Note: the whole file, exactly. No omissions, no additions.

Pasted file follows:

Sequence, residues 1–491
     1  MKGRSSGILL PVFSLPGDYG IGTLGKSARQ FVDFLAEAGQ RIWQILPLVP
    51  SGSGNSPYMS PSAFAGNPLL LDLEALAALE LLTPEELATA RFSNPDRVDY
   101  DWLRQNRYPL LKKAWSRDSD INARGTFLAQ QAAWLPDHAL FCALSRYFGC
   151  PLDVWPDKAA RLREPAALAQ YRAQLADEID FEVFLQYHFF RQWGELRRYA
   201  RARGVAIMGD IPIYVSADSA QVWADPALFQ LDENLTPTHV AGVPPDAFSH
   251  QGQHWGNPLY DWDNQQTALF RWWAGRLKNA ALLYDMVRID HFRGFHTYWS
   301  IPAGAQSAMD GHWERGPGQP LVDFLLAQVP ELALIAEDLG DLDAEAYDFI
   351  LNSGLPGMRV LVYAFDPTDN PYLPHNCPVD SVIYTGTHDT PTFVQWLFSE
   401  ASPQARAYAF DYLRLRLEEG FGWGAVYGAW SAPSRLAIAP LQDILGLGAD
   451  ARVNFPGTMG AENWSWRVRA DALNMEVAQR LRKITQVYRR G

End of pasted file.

Sequence, residues 1–491
     1  MKGRSSGILL PVFSLPGDYG IGTLGKSARQ FVDFLAEAGQ RIWQILPLVP
    51  SGSGNSPYMS PSAFAGNPLL LDLEALAALE LLTPEELATA RFSNPDRVDY
   101  DWLRQNRYPL LKKAWSRDSD INARGTFLAQ QAAWLPDHAL FCALSRYFGC
   151  PLDVWPDKAA RLREPAALAQ YRAQLADEID FEVFLQYHFF RQWGELRRYA
   201  RARGVAIMGD IPIYVSADSA QVWADPALFQ LDENLTPTHV AGVPPDAFSH
   251  QGQHWGNPLY DWDNQQTALF RWWAGRLKNA ALLYDMVRID HFRGFHTYWS
   301  IPAGAQSAMD GHWERGPGQP LVDFLLAQVP ELALIAEDLG DLDAEAYDFI
   351  LNSGLPGMRV LVYAFDPTDN PYLPHNCPVD SVIYTGTHDT PTFVQWLFSE
   401  ASPQARAYAF DYLRLRLEEG FGWGAVYGAW SAPSRLAIAP LQDILGLGAD
   451  ARVNFPGTMG AENWSWRVRA DALNMEVAQR LRKITQVYRR G